Published on June 11th, 2019 | by Kevin Given0
Review: X-Men: Dark Phoenix
>MAJOR SPOILERS< It’s 1975 and 8-year-old Jean Grey (Summer Fontana) is traveling with her parents in a car when they get into an accident which is inadvertently caused by Jean’s telekinetic powers. Charles Xavier (McAvoy) becomes her mentor and Jean’s father (Scott Shephard) willingly sends her to his care. Professor X is the only one that can control her powers.
We Jump ahead to 1992 In an impressive scene where our heroes save astronauts aboard the space shuttle Endeavor. This is where Jean (Turner) is exposed to the Phoenix and her powers are strengthened to the point where Charles can’t control her anymore. She discovers telepathically that her father is actually still alive after she had been led to believe that he died along with her mother. She grows upset with Charles and tracks down her father. He’s shocked, and scared, that she found him, and the encounter turns nasty. Charles and the X-Men track her down and, after a huge battle she winds up killing Mystique (Lawrence).
Jean finds herself hating what she’s becoming and tracks down Magneto (Fassbender) in an attempt to find herself and how to control her rage and powers. She hopes that Eric’s experiences can help her with her own powers since he learned to control his own rage. And now Vuk (Chastain) and her followers, members of the shape-shifting Skrulls…er…D’Bari race having tracked the Phoenix force to earth and Jean Grey. Vuk wants the power for herself and another battle ensues. The final battle culminates aboard a train.
My Review: What an incoherent mess of unfinished scenes and identity politics. All the men are ineffectual dolts, while the women are all knowing and all powerful. At one-point Mystique even says “…the women are always saving the men around here. You might wanna think about changing the name to X-Women.” Gee, remember when men and women worked together as a team, both making mistakes, both learning from those mistakes and treating each other as equals? It wasn’t that many films ago. The name isn’t even X-Men: Dark Phoenix could it be because Marvel studios EVP of production Victoria Alonso believes the name X-Men is outdated? At any rate, the film succeeds in driving a wedge between the male and female characters.
Everyone blames Charles for Jean Grey’s predicament. But what was the Professor supposed to do? You had a man who couldn’t trust his 8-year-old daughter after he realizes that she’s responsible for the car accident and death of his wife. He loves his daughter but is also, and rightly so, afraid of her. At any time, she could lash out at him and kill him as well. Charles is the only one with the ability to raise her and keep the world safe from her. There were no other decisions here. Just think of all the awesome themes that could have been explored with just that scene, but, of course, they never are. This script is so obviously a first draft. Why? The only thing I can think of is that the sale of Fox to Disney went down either before or during production so all involved only gave the production half an effort, realizing they would never produce another X-Men movie.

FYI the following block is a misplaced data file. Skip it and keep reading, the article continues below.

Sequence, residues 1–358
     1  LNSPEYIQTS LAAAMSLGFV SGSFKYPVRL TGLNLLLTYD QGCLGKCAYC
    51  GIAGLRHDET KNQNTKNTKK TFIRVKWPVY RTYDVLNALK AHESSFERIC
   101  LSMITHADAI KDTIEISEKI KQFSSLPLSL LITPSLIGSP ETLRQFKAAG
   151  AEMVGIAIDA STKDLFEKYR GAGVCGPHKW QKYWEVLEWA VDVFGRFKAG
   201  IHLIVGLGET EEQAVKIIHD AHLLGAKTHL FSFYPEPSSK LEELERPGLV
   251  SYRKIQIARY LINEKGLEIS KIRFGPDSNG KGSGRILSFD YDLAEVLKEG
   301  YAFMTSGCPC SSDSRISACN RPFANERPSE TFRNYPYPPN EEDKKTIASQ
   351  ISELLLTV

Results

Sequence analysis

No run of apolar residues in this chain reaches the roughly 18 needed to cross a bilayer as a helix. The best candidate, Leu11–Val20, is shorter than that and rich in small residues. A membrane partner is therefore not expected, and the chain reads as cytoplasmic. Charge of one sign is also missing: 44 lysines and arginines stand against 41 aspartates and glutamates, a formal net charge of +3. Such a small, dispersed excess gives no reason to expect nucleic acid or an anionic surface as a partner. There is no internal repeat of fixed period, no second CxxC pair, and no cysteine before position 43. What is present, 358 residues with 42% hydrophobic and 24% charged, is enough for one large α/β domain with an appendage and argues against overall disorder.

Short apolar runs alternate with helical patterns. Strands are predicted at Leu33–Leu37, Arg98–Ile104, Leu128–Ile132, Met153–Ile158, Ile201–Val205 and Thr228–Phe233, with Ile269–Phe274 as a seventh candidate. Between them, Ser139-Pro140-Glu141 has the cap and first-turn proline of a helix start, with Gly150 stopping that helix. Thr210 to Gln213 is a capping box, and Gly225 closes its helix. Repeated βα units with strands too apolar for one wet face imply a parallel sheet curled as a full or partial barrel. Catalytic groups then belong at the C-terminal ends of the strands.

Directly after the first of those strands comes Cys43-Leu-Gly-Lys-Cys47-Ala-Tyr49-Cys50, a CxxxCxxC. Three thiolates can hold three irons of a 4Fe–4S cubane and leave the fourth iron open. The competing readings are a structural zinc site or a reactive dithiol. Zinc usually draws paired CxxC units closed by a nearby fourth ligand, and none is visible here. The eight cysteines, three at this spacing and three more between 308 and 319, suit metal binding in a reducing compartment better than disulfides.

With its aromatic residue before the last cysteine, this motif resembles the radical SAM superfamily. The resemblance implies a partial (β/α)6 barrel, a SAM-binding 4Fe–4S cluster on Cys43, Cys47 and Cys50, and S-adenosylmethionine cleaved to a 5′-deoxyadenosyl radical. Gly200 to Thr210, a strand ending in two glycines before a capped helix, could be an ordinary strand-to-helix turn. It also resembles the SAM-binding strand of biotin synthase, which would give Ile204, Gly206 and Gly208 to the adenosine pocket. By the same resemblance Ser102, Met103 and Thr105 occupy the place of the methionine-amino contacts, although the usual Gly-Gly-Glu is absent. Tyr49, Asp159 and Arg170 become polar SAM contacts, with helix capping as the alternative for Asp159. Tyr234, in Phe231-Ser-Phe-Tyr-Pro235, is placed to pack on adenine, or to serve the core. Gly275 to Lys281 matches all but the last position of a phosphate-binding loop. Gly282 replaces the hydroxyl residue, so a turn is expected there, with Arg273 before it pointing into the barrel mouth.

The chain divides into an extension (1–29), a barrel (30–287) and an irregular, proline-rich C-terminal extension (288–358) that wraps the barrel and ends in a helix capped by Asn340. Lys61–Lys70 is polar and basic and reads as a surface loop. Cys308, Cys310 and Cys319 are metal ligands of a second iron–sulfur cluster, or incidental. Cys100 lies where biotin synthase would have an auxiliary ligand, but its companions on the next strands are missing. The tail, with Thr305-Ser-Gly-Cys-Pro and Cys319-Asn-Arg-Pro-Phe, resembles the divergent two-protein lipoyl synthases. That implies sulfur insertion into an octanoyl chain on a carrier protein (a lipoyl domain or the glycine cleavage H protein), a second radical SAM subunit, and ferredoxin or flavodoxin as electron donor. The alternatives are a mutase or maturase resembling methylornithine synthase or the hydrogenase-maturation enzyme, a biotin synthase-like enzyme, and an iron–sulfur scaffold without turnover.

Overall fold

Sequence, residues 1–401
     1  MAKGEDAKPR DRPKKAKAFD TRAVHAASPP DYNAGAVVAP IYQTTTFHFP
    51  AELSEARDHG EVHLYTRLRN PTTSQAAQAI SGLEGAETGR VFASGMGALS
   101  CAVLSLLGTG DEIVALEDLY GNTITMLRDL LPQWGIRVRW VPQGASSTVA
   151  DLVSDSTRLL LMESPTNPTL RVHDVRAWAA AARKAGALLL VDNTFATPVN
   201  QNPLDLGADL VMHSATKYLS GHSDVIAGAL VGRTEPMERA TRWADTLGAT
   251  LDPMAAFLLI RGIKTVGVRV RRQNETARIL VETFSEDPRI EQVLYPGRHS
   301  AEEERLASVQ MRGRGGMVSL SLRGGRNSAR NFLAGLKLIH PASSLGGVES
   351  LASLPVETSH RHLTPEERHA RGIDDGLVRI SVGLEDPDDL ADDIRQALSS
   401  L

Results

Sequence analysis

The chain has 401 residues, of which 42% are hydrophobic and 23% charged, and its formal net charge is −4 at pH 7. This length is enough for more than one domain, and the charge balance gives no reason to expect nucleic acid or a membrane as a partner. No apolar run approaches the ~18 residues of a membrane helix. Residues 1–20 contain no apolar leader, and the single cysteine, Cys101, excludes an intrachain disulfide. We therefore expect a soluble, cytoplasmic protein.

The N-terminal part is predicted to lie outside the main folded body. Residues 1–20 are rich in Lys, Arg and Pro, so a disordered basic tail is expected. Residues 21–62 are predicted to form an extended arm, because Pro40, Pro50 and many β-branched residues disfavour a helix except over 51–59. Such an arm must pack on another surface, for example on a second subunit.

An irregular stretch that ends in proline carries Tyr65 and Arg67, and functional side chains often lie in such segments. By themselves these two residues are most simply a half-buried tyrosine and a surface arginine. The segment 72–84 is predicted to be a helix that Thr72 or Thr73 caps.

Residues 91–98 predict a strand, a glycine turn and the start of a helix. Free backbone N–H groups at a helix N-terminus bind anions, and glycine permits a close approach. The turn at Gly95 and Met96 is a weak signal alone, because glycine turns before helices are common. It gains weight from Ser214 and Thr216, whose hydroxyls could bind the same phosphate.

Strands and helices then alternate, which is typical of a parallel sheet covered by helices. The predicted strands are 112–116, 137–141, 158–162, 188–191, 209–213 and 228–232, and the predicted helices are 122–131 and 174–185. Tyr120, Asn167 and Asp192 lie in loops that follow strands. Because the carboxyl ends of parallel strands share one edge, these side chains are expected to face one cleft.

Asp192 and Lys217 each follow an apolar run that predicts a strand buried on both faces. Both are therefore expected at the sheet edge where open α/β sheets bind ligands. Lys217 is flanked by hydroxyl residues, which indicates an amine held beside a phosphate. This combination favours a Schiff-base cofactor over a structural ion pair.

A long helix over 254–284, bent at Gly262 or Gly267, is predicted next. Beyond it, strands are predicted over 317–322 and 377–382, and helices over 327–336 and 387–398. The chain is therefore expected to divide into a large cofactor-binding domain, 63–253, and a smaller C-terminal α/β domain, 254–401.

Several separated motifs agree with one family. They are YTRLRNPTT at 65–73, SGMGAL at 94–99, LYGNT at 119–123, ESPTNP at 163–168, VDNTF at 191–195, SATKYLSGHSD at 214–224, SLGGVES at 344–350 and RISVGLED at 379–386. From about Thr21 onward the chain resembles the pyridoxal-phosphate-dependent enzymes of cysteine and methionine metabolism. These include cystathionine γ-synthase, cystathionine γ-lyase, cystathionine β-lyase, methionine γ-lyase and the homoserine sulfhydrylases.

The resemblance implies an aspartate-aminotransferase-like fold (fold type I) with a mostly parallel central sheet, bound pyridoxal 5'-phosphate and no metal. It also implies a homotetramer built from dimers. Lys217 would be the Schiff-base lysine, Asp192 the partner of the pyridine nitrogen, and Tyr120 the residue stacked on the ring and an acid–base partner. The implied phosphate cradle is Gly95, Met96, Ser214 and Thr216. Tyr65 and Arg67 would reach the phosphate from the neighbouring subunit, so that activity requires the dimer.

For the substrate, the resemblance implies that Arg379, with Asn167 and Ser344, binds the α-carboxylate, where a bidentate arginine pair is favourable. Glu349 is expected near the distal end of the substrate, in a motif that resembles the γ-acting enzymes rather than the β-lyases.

The performances are a mixed bag. You have the classic actors who are always great, hell, Michael Fassbender could read the ingredients to a bowl of cereal and make it sound Shakespearean. But then you have the younger actors, most of whom aren’t given much to do. But Sophie Turner, who’s given the most to do, is horribly miscast. I personally have never seen Game of Thrones so I can’t comment on what she’s done with that. But my gut feeling is that she was only cast in this franchise because of her popularity with that show. I don’t see her struggle with the Dark Phoenix entity at all. She just whines about how she can’t stop causing damage. For a much better exploration of that theme watch the second Star Trek pilot Where No Man Has Gone Before. Superb performance by Gary Lockwood.
Some of the action is well done, such as the rescue of the astronauts, while other action scenes are by the numbers, especially the final confrontation on the train. The car accident was almost a complete copy of the one in Shazam and was done better in Shazam, a film which also underperformed, but will probably end up making more money than this stinker. The final insult to the iconic character of Charles Xavier is the removal of the sign that bears his name for the replacement of the Jean Grey School for gifted children.
Do I need to bring up the obvious disregard for continuity? These films are supposed to take place in the same universe as the Patrick Stewart/Ian McKellen films and evolve into those chapters. Yet they kill off Mystique who will later rescue Magneto from prison as seen in the first movie and Charles Xavier retires leaving the school to Jean Grey, even though we get no hint of that in the first movie. Screw continuity and let’s just go for the jugular.
We’re going to crap all over your franchise and classic characters in the name of politics and inclusivity, which excludes white men, now please go buy tickets to our movie. Ya know, maybe it’s not the name X-Men that’s outdated, maybe it’s Hollywood itself. I will give it two stars for the attempt to make this film watchable by James McAvoy and Michael Fassbender ** (5.3 rating)
Director: Simon Kinberg
Producer: Simon Kinberg, Hutch Parker, Lauren Shuler Donner
Screenplay: Simon Kinberg
Based on X-Men by Stan Lee, Jack Kirby
Music: Hans Zimmer
Cinematography: Mauro Fiore
Production: 20th Century Fox; The Donners’ Company; Marvel Entertainment; TSG Entertainment
Distributor: Walt Disney Studios Motion Pictures